Scientists Confirm Your Line Always Slowest
Cambridge, Massachusetts (AP) – A groundbreaking statistical study by MIT researchers has revealed what most people have long suspected: the supermarket, government office or toll booth queue that currently contains you will invariably be the slowest of the available lines.
The researchers observed various lines over the course of six months, recording data from supermarkets, motor vehicle bureaus, bridge and road toll lanes, post offices, public transportation stations, fast food purveyors, office supply superstores and assorted other service or retail venues. They found a 99.8% correlation between your choice of line and the slowest-moving line, well within the statistical margin of error.
The few cases in which line choice and slowness did not seem to correlate involved your shopping with a companion, when each of you took up position in separate lines, intending to join the other in the line that turned out to be quicker. In a quirk of the analysis algorithm, a tie for the slowest line, which inevitably resulted in such cases, was not recognized as a bona fide “slowest” line. Functionally, however, you ended up being served by the slowest possible line.
The researchers noted a number cases in which you switched lines even when you were alone, but the slowness kept pace. This was documented most frequently on the approach to toll booths and supermarket checkout lanes, but occurred almost as often when your car was stuck in highway traffic. Changing lanes to exploit the moving traffic in the next lane over invariably resulted in the next lane stopping, while the lane you left began moving.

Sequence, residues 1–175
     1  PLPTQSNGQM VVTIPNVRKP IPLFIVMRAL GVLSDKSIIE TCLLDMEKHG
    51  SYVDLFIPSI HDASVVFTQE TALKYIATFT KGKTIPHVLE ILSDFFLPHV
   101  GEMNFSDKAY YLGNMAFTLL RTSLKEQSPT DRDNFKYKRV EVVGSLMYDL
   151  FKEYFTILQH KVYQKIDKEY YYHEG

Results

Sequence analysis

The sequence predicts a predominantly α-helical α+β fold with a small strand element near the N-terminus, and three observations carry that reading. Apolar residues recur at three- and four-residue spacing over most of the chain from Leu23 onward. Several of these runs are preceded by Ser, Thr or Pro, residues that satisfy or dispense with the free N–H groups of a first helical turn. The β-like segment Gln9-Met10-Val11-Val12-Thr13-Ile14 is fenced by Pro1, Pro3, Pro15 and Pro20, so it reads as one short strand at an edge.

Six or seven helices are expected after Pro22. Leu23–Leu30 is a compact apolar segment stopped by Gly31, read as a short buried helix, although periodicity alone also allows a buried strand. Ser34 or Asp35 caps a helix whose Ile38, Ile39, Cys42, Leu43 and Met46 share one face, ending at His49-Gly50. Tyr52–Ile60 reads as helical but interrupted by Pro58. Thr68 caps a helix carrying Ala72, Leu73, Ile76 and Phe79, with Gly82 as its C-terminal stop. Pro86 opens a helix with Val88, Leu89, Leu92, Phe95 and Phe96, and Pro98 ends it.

“It’s an extraordinary bit of science, even though it seems to tell us something we all ‘knew’ before,” said Stu Pidd, a post-doctoral research fellow at MIT who participated in the field research. “But everything has to be tested. The same thing applied to your always having your eyes closed when the camera took a picture,” he said, referring to an earlier study that quantified how often you would ruin photographs by the simple act of timing your blinks badly (also 99.8%). In that study, everyone knew you always ruined pictures, but the scientific method provided the academic rigor.
The newest discovery opens a variety of possibilities for further research and development efficiency procedures. A proper algorithm, says Pidd, might utilize your presence to increase the efficiency of every other line in the facility. If you could be confined to a line containing only you, every other customer could be served promptly, and traffic jams would be resolved within minutes. Already, many supermarkets attempt to attract you to the slowest lane by labeling it “express,” but with mixed success.
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